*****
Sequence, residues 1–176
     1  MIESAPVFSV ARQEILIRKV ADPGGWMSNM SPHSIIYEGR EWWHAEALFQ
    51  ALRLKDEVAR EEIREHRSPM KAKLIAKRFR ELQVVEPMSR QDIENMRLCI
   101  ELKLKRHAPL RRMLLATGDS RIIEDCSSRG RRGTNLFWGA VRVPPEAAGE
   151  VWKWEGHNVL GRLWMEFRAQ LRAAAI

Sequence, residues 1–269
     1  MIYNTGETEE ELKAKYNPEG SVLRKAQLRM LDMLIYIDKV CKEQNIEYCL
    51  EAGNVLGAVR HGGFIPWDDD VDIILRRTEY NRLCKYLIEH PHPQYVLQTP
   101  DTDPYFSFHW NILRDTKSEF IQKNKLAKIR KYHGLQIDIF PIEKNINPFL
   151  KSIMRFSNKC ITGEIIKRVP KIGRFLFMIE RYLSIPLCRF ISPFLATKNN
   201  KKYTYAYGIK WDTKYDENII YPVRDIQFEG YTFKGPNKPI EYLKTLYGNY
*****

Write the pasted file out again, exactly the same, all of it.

Sequence, residues 1–176
     1  MIESAPVFSV ARQEILIRKV ADPGGWMSNM SPHSIIYEGR EWWHAEALFQ
    51  ALRLKDEVAR EEIREHRSPM KAKLIAKRFR ELQVVEPMSR QDIENMRLCI
   101  ELKLKRHAPL RRMLLATGDS RIIEDCSSRG RRGTNLFWGA VRVPPEAAGE
   151  VWKWEGHNVL GRLWMEFRAQ LRAAAI

Sequence, residues 1–269
     1  MIYNTGETEE ELKAKYNPEG SVLRKAQLRM LDMLIYIDKV CKEQNIEYCL
    51  EAGNVLGAVR HGGFIPWDDD VDIILRRTEY NRLCKYLIEH PHPQYVLQTP
   101  DTDPYFSFHW NILRDTKSEF IQKNKLAKIR KYHGLQIDIF PIEKNINPFL
   151  KSIMRFSNKC ITGEIIKRVP KIGRFLFMIE RYLSIPLCRF ISPFLATKNN
   201  KKYTYAYGIK WDTKYDENII YPVRDIQFEG YTFKGPNKPI EYLKTLYGNY